For about 30 years now, I have said, and continue to believe, that law school taught me only 2 things:  how to think like a lawyer and how to do legal research.  It didn’t teach me how to practice law, and it certainly did not teach me anything about the business of practicing law (the latter subject which, of course, is the focal point of this blog).  From what I can tell, not much has changed in that regard with respect to legal education.  When Professors Frankel and Gordon say, “But the best practice will come after law school, with maturity, with watching the senior partners and with learning from mentors,” most people in other lines of work call what they’re describing as “on-the-job training.”  Whether you call the practice of law a “profession” or a “trade” is irrelevant; OJT is how lawyers actually learn to practice law – and, it’s the only job I know where you can be paid around $145,000 a year to learn how to do what it is that you’re being paid to do and have your employer’s customers/clients effectively reimburse your employer for its costs to train you via submission of bills that include the “billable hours” you spent on client matters to learn how to practice.

In a recent posting on this blog, I focused on the pressures being exerted today on law firm business models and the need to change.  I drew heavily in that posting from a recent speech by Mark Chandler, Cisco’s general counsel, and from a case study by Harvard Law School Professor Clay Christensen and Scott Anthony.  In his speech, Chandler said,

The growing scope of knowledge availability will endanger this system.

. . . [T]he greatest vulnerability of the legal industry today is a failure to make information more accessible to clients, to drive models based on value and efficiency. The present system is leading to unhappy lawyers and unhappy clients. The center will not hold.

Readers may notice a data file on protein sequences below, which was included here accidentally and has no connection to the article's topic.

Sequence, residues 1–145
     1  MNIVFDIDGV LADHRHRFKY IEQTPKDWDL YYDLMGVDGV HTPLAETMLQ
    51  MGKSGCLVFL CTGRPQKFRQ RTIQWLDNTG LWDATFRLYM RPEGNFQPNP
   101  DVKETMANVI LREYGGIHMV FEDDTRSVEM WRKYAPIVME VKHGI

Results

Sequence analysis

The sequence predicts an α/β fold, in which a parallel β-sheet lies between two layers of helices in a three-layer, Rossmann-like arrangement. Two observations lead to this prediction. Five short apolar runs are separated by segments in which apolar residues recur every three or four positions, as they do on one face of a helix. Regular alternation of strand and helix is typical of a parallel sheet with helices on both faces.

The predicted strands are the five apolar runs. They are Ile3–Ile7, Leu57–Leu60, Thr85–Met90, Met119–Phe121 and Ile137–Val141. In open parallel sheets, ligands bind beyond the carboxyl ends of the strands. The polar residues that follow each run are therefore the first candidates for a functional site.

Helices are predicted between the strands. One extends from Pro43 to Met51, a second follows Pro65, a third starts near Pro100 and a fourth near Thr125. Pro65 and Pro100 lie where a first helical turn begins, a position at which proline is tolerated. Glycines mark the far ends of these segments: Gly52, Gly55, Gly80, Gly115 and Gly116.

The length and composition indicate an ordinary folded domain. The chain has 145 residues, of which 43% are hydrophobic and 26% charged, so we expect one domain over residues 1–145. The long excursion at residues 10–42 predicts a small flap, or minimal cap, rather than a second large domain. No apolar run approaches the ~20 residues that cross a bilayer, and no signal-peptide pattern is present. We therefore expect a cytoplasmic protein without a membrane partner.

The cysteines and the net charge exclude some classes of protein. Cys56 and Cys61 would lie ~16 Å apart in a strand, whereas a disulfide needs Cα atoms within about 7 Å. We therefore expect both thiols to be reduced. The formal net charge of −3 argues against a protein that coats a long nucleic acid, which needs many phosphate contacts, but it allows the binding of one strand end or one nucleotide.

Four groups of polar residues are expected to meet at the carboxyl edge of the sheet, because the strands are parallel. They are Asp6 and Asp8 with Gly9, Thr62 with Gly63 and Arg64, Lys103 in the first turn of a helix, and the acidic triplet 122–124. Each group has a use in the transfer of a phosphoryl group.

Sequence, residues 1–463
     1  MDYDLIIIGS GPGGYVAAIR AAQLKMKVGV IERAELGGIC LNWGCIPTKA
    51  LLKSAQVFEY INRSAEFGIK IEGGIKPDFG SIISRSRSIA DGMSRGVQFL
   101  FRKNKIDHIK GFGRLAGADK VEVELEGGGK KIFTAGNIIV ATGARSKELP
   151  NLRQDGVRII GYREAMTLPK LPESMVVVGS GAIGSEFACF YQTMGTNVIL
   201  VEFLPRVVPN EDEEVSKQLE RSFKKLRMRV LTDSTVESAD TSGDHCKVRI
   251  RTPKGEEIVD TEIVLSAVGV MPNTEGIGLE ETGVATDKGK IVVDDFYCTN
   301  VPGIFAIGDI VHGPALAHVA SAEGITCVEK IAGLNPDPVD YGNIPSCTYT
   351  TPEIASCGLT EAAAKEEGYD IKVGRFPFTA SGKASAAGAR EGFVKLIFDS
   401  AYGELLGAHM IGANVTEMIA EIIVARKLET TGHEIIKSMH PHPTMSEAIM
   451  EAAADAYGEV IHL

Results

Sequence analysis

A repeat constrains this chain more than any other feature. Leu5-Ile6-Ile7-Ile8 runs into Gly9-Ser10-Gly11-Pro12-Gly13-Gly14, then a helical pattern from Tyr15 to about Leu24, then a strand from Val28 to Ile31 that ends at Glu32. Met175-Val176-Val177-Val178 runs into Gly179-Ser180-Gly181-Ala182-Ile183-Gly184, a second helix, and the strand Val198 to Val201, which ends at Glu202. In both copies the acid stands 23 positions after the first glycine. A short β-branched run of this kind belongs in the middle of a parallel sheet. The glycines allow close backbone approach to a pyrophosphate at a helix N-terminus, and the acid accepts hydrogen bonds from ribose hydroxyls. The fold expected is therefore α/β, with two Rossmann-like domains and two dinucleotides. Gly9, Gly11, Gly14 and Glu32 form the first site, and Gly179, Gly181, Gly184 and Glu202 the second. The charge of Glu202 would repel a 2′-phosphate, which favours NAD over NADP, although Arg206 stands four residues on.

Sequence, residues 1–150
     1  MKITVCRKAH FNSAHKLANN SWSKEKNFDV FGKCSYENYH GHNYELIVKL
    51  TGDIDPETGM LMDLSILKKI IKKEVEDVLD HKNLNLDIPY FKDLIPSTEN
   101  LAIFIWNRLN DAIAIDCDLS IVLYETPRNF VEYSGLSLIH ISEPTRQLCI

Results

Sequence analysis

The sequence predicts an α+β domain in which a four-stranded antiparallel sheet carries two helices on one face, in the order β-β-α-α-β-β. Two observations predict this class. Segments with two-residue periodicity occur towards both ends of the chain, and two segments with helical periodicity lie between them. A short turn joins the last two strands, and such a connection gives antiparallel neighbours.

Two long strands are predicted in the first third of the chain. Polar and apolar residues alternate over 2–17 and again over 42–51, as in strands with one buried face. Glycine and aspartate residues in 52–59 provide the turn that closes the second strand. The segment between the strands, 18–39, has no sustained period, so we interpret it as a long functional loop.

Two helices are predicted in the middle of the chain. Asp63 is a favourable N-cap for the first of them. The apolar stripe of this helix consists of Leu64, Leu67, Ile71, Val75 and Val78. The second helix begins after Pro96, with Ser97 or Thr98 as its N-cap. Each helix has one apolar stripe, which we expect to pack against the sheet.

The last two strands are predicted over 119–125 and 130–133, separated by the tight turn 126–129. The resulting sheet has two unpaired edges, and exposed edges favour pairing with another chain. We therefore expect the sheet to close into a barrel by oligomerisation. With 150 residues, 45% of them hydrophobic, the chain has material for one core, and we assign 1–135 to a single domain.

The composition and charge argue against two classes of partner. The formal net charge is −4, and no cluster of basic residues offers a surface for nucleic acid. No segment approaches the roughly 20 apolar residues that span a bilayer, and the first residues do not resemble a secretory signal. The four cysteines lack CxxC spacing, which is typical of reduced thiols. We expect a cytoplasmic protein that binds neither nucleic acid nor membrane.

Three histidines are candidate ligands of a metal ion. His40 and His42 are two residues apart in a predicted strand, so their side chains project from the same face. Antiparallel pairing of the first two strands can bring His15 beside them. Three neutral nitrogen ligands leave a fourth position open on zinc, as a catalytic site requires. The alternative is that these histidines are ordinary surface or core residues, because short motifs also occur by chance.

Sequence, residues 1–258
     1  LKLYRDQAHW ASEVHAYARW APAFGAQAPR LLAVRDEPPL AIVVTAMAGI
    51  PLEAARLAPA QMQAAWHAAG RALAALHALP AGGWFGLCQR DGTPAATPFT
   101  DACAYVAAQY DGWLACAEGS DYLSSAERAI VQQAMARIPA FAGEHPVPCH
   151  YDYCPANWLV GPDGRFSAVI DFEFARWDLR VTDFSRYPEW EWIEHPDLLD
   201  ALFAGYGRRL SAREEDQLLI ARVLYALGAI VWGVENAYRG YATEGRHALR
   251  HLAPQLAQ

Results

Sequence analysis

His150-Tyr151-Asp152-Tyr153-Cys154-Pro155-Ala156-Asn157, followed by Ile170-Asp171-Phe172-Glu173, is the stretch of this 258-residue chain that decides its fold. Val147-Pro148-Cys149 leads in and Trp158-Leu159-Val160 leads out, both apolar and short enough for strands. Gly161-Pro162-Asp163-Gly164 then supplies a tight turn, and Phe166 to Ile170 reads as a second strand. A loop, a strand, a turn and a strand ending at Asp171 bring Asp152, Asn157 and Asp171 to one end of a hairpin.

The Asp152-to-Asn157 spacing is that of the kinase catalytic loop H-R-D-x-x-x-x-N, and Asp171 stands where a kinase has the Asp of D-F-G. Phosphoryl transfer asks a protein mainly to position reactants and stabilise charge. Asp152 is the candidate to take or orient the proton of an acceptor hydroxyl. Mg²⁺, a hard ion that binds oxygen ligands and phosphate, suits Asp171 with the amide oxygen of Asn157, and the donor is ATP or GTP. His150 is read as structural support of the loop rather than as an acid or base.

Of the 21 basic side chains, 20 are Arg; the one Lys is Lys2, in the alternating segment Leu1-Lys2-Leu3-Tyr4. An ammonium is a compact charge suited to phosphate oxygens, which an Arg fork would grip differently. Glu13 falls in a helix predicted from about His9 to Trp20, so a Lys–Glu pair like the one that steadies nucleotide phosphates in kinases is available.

In their case study, Professor Christensen and Anthony said,

. . . The growth of specialization means that most corporate legal work does not involve complex problem-solving. With the right experience, specialists can easily recognize patterns and apply familiar tools so that they do not need to “reinvent the wheel.” Pattern recognition dramatically increases efficiency. Hourly rates assume everything requires complex problem-solving.

I concluded by saying,

Faced with the prospect of innovations that likely will be disruptive to their business system that “looks like the last vestige of the medieval guild system to survive into the 21st century,” access to what law firms know, how they get it, how they use it, how they deliver it, and what they get paid for it, is under attack.

It seems to me that we’d all be better served if the debate isn’t on whether the practice of law is a “profession” or a “trade,” but instead focuses on how does a system under such pressure get fixed, starting with the education that lawyers receive.

By the way, Professor Christensen and Anthony also commented that,

. . . But because corporations accept the sole-source market, law firms play a cat-and-mouse game with the billable hour and cost-plus pricing, hoarding productivity gains and saddling clients with both cost and outcome risks.

. . . It is extremely difficult to avoid wasting corporate assets within the confines of the sole-source/billable hour/cost-plus market. With one hand, law firms give discounts on hourly rates to their largest clients. With the other hand, they take back what they have given by raising the base hourly rates to which the discounts are applied and increase the number of hours they bill to do the same work. Law firms are masters of the cat-and-mouse game of the billable hour. As long as they respect the procedures mandated by the law department, law firms can circumvent any attempts at cost reduction by controlling the two key variables—the base rate and the number of hours spent.